To test the ability of bacterial endophytes to colonize switchgrass, representative isolates were introduced into seedling grown aseptically under controlled conditions. Magenta® GA-7 Plant Culture Boxes 3 × 3 × 4″ (Magenta, Chicago, IL, USA) containing 100 g of sand and vermiculite (50/50% v/v) were autoclaved for 1 h every 24 h for a period of 72 h. Twenty surface-sterilized switchgrass seeds were seeded in each Magenta box and grown in a growth chamber at 22°C under a 12 h/12 h of light/dark cycle. Each box received 5 ml of sterile distilled water at planting. Bacterial endophytes were grown in LB broth for 18 h to the mid-log phase, pelleted by centrifugation, washed and suspended in sterile distilled water. After 2 weeks, plants were thinned down to 15 seedlings, which received 5 ml of water containing 105 CFU ml−1 of bacteria. Switchgrass seedlings receiving autoclaved distilled water served as controls. Putative endophytes B. subtilis and Mic. testaceum were tested alone and in combination. Plants were incubated further for another 2 weeks. Four-week-old seedlings were dipped in a solution of 70% ethanol, rinsed in autoclaved–distilled water, separated into roots and shoots, and subjected to DNA extraction using Qiagen DNeasy® Plant Mini kit. The presence of endophytes in roots and shoots of inoculated and noninoculated switchgrass was assessed using specific primers designed for each endophyte (Table 1), while the presence of the endophytes in the potting mix was confirmed by serial dilution on microbiological culture medium. The experiment was replicated eight times with 15 plants per replicate.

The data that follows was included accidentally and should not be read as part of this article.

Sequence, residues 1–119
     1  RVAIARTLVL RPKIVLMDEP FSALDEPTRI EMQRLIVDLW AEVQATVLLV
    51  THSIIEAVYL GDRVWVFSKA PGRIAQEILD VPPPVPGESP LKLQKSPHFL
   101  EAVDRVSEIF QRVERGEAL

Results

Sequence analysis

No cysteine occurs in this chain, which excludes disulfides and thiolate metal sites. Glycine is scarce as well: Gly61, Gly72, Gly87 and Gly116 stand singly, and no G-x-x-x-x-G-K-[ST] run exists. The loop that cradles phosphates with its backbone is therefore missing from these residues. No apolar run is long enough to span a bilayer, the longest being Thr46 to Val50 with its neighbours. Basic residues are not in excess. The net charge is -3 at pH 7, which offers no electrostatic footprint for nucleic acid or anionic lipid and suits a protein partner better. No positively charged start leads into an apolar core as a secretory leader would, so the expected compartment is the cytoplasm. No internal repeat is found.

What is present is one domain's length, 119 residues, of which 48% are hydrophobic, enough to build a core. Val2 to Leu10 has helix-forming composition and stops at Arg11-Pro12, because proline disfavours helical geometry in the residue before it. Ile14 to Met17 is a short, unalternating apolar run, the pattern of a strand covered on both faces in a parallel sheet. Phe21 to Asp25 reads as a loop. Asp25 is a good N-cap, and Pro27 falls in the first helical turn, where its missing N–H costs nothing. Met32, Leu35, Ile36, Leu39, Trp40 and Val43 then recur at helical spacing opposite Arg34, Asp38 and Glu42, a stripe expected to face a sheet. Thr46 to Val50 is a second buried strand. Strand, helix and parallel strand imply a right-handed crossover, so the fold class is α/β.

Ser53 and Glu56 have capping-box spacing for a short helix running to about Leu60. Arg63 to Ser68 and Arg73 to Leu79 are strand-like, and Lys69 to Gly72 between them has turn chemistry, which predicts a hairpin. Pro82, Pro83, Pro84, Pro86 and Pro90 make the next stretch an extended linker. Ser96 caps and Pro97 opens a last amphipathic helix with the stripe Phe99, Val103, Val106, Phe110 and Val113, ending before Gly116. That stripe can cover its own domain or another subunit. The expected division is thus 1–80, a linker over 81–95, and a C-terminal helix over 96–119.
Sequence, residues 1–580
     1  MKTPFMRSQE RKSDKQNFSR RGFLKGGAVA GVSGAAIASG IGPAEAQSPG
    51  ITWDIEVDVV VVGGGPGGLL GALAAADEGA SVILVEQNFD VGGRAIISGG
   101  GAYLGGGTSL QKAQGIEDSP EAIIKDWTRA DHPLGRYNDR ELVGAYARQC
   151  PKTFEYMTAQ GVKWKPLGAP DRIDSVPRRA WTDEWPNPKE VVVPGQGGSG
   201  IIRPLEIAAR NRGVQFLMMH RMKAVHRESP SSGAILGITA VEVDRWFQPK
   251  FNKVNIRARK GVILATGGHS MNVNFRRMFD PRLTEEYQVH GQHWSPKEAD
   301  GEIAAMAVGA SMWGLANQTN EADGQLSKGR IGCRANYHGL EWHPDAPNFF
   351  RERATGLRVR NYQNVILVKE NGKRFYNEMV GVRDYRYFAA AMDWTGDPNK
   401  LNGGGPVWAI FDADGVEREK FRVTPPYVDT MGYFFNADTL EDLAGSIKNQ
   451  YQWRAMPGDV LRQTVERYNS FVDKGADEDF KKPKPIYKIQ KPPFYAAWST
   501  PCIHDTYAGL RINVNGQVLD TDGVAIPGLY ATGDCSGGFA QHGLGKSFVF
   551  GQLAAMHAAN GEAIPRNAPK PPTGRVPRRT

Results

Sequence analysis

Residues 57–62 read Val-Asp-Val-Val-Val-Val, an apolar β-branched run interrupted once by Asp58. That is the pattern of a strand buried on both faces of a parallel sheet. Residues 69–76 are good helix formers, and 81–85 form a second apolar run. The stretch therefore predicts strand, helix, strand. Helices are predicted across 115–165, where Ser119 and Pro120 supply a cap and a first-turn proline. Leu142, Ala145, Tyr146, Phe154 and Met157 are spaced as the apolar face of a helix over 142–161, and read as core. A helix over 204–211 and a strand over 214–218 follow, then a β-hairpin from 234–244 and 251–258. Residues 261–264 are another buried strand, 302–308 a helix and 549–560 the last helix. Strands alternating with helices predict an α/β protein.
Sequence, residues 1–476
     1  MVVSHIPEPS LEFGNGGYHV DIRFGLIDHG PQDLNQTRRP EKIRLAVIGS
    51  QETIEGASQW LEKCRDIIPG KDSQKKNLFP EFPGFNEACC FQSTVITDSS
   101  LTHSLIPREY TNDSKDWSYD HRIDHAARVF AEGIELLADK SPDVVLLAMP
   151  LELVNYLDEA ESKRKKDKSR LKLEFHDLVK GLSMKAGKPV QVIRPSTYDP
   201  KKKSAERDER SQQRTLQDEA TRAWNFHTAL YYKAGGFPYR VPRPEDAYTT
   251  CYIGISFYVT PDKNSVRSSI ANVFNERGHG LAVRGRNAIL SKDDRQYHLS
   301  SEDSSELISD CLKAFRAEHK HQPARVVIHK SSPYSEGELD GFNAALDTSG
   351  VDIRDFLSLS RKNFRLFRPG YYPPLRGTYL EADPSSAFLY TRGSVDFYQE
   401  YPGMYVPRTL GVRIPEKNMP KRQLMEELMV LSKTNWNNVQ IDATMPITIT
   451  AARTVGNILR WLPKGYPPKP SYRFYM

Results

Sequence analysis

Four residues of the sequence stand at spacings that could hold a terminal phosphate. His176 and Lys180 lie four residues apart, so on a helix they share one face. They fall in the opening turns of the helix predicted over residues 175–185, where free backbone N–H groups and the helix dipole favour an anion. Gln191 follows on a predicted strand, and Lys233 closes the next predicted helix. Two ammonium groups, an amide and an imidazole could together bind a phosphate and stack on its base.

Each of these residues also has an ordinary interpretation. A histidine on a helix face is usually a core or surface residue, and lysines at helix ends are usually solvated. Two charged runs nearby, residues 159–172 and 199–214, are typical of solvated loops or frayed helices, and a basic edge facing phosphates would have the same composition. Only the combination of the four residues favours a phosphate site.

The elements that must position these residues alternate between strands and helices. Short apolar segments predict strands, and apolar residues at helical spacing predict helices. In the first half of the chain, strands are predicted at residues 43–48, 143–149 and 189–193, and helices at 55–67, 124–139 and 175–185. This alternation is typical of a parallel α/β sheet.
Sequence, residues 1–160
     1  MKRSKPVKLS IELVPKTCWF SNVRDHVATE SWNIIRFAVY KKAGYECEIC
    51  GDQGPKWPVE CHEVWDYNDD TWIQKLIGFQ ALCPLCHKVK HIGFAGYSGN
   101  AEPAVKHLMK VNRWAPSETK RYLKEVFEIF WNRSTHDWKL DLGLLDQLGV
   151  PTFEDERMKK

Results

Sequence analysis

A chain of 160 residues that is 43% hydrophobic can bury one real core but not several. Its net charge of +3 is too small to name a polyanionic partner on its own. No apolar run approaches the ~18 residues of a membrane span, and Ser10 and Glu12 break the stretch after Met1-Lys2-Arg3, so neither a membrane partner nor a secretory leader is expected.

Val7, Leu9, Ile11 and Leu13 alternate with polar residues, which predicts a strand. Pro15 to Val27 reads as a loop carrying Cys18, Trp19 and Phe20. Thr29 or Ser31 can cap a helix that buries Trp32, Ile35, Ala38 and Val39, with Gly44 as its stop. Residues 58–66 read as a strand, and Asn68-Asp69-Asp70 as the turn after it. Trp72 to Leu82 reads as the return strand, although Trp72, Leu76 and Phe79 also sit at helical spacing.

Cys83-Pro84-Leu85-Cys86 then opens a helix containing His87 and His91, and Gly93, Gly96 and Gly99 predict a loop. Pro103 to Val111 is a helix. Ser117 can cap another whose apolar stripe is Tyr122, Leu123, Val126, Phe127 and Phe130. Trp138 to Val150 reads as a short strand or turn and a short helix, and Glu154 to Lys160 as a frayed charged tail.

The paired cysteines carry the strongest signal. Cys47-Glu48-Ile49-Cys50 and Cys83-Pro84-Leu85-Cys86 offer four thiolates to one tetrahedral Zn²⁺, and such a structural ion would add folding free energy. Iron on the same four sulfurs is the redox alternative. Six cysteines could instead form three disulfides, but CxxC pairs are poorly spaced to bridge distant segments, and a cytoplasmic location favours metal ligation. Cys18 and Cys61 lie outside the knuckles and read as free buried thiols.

Direct infusion Orbitrap MS analysis of bacterial culture supernatants: extraction, chemical analysis and metabolite identification